Sometimes People are Assholes

I think that we probably have a lot in common. I’m always trying to improve myself, to the point of sometimes missing out on the happiness already in my life. Do you do that? Anyway, I’m always on a quest to be a better person, but there is one area where I really struggle: I want to expose people who are fakes. It enrages me when people think someone is such a great person, and I have personal knowledge that they are, in fact, a jerk! I don’t know why I feel this way or how to stop it. Any suggestions would be appreciated.

Hi honey, it does sound as if we have a lot in common–including beating ourselves up for not being perfect ūüėČ I do know exactly what you mean and have struggled with this as well. For years, I thought it was my super-power to see the best in people and encourage them to be their highest selves.

Newsflash, that’s not my super-power.

Over the years, I’ve realized that sometimes my idea of someone’s potential doesn’t line up with theirs. Shocking, I know. That’s okay. I mean, I spent way too many years trying to live up to others’ expectations of me. I don’t want to put that pressure onto other people.

No one is perfect. The best we can hope for is to do our best. To do, as Glennon Doyle advises, “the next right thing, one thing at a time.” People’s character will be exposed…it’s not our job to put anyone on blast. Trust me, there are many times I’ve not done the right thing, and I fear there might be a time in the future where I will not do the right thing. I can only hope that my transgressions will be met with compassion and forgiveness. So, I will try to pay it forward.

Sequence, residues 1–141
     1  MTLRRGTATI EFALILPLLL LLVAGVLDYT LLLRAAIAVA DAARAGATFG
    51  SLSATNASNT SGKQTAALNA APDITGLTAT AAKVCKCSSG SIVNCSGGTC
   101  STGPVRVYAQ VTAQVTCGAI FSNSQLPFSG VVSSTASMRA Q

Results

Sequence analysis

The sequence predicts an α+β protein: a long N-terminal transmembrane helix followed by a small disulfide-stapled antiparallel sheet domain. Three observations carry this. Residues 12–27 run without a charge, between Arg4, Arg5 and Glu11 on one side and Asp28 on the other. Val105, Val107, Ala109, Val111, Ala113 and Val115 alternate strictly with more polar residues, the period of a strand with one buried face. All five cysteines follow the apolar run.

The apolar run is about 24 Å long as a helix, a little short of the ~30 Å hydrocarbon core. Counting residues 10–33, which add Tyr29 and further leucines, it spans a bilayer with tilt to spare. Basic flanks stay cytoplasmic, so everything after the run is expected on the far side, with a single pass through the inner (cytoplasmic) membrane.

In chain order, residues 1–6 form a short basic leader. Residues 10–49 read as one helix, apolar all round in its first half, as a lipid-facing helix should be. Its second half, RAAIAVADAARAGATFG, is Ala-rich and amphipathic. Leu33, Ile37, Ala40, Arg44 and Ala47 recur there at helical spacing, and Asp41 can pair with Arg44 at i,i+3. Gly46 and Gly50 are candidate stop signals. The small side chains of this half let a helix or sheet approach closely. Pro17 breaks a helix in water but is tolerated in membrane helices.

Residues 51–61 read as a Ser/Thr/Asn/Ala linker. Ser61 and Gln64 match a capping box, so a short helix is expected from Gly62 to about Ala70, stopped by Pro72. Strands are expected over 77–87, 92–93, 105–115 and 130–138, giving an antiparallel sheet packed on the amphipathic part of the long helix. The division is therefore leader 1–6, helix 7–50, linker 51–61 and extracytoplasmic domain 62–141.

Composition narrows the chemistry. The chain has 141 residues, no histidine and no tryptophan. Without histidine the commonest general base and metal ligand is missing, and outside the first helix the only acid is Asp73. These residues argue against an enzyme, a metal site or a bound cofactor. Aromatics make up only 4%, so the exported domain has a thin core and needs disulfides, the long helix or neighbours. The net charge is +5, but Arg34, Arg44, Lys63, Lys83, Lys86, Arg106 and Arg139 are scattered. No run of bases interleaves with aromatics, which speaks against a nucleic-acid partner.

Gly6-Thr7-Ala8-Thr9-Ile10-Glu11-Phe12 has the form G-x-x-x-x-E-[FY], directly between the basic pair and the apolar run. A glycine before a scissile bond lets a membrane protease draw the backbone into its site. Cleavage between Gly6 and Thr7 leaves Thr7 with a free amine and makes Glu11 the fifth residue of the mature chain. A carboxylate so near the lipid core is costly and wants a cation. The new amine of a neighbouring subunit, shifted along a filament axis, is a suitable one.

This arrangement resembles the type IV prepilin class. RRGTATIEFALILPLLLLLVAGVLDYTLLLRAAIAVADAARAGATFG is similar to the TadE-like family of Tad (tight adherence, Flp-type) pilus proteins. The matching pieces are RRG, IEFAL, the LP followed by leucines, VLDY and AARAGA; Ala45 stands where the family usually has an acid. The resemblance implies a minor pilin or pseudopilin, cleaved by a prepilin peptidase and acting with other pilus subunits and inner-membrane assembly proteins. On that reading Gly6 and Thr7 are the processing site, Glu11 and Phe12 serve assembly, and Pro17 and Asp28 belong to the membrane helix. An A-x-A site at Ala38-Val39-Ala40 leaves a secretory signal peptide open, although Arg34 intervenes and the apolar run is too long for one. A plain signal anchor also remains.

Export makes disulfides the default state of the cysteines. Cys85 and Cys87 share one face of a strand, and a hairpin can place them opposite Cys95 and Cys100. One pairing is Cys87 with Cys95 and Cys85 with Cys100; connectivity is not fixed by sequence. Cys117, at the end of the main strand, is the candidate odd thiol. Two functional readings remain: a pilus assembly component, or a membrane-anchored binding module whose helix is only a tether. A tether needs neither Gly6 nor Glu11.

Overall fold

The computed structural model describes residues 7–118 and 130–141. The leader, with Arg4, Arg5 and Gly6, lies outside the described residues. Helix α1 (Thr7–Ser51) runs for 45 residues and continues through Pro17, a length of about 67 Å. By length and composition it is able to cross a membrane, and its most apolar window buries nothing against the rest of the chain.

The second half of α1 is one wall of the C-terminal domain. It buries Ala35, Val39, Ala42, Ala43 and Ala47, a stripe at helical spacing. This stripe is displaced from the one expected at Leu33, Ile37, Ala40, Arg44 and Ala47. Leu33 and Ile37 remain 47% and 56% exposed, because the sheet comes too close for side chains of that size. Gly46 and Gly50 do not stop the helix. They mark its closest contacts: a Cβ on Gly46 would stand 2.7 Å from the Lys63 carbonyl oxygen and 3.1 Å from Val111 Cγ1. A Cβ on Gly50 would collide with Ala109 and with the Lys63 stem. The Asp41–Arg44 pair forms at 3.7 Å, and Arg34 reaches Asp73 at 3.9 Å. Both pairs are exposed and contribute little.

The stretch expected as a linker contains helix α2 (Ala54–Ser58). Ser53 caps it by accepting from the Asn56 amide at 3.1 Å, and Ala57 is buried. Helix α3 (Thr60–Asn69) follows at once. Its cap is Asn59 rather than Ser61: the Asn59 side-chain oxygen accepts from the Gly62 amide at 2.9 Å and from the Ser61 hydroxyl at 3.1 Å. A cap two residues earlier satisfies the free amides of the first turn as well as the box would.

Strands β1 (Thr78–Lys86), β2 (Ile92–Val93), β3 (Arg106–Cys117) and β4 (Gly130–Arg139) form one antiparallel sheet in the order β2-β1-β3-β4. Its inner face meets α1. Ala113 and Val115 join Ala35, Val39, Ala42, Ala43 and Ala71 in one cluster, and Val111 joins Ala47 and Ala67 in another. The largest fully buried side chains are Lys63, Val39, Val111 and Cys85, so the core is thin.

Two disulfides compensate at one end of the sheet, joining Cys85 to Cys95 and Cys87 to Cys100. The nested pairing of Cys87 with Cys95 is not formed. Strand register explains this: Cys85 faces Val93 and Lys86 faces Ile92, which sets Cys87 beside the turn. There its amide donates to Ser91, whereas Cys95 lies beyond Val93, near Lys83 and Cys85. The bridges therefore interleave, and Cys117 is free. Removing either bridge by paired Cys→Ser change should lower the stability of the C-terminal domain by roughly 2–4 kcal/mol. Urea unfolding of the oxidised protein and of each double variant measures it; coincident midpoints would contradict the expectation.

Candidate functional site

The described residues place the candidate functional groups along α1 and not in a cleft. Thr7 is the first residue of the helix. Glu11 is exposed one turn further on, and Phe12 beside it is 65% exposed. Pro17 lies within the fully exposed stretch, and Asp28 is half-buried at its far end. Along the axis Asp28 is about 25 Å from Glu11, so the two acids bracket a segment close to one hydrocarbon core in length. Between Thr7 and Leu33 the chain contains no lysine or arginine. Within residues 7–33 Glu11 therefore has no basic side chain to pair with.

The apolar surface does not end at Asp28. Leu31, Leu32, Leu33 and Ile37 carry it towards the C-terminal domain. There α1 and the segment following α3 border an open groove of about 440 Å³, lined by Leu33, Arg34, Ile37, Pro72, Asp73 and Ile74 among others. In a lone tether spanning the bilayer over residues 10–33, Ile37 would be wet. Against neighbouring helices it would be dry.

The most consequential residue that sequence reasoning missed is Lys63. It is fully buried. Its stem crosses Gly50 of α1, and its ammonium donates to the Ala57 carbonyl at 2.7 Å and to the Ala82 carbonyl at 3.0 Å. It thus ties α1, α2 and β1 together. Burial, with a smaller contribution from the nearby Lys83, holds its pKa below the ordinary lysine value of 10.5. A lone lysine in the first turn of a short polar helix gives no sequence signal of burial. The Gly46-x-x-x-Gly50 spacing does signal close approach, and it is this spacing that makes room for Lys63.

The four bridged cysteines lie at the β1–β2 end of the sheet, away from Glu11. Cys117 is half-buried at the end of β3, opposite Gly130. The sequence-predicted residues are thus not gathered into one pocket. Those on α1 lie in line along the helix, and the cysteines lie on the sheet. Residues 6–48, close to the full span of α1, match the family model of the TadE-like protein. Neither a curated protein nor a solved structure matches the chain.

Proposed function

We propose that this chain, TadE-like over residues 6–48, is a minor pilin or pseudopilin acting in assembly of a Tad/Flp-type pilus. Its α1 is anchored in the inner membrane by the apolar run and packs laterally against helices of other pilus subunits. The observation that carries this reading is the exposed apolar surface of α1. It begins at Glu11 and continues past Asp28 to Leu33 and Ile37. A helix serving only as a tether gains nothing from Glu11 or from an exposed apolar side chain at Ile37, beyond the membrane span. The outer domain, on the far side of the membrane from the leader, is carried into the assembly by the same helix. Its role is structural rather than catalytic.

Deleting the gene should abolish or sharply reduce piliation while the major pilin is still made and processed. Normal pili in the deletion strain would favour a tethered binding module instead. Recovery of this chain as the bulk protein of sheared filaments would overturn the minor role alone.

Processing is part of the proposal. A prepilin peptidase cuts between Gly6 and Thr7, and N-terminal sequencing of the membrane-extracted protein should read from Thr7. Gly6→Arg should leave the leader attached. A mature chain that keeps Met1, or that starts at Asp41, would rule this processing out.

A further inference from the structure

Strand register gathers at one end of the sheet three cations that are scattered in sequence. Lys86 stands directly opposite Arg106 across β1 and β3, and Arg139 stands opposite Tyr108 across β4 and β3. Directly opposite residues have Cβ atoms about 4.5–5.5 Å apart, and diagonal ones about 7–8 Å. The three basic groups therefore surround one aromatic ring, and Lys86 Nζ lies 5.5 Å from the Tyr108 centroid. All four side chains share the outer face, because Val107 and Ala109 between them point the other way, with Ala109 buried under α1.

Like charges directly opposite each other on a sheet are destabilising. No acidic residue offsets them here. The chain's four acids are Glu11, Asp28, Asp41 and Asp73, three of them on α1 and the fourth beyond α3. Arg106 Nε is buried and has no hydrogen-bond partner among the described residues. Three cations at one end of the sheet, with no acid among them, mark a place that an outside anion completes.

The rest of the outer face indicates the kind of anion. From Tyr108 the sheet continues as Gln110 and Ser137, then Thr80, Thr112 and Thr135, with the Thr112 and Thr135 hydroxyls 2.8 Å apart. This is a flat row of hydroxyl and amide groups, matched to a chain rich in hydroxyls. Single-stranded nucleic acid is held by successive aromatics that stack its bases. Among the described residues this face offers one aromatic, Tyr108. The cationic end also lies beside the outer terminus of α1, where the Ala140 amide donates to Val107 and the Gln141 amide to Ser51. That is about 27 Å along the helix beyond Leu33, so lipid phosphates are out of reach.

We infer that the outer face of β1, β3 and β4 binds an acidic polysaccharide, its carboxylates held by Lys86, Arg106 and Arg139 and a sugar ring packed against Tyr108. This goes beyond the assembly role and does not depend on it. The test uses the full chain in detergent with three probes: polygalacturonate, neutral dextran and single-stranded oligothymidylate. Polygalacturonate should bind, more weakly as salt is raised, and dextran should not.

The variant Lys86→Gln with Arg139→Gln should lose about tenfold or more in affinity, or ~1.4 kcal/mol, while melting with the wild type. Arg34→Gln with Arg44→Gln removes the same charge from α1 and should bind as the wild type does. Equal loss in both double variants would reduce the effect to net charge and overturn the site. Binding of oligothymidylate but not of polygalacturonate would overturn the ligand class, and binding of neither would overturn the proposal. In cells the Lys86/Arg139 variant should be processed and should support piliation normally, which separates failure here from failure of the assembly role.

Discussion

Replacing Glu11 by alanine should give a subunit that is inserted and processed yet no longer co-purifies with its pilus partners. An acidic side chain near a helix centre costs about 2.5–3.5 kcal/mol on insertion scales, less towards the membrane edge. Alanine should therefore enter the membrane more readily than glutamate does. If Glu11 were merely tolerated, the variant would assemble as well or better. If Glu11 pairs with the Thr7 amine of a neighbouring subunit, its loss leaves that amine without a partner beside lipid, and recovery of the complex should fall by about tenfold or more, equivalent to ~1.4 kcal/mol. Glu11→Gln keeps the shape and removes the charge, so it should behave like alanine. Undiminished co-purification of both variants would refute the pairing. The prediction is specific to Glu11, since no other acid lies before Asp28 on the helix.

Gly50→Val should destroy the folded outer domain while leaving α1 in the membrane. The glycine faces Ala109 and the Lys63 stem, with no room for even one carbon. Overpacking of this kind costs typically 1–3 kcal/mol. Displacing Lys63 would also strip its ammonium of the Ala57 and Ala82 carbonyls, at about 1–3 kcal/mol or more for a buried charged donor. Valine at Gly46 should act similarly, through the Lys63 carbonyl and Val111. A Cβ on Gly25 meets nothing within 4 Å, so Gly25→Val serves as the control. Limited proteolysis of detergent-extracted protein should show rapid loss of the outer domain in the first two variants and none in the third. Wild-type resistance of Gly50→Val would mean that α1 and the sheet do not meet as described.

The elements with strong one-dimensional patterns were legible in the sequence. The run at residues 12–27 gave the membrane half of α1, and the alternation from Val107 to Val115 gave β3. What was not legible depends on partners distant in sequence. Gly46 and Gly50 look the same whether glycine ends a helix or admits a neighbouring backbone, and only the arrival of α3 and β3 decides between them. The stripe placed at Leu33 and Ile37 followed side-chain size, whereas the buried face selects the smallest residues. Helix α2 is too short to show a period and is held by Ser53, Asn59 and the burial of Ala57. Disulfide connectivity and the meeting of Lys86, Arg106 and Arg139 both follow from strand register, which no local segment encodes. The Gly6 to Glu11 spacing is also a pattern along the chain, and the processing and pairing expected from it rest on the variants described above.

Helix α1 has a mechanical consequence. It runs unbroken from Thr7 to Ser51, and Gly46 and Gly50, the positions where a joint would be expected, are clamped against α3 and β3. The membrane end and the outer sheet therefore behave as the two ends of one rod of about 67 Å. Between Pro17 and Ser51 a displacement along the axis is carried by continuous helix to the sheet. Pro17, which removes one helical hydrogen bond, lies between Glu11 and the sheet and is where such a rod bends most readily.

And finally…I hate to say it, but sometimes people are just assholes. Sometimes they aren’t but for whatever reason, we don’t click. And occasionally, gulp, they think WE are the asshole. Right? I know. But it happens. And when that is the case, it’s not our job to fix or expose them, to change, convince or befriend them. We can simply to wish them well and move on.

Isn’t that liberating? I hope so. Keep on keeping on, my friend. We are all works in progress.

xoxo

Moms, Friends, and Mom Friends

In order for my husband to take a great job opportunity, we moved our little family to a new¬†community at the beginning of the school year. We feel it’s an idyllic place to raise a family, but unfortunately it’s about 100 miles away from our former home. We have two school-aged children and a toddler. My school-aged children have adapted well and are doing great in school. My husband is so happy at his new job. I should be overjoyed because all I’ve ever wanted is to be a stay-at-home mom–which I am now–but I’m feeling kind of lonely and isolated as I don’t have any friends here. I had friends in our old community, but most of them were friends I’d grown up with and people I worked with. How do you make “mom” friends and can they become “real” friends?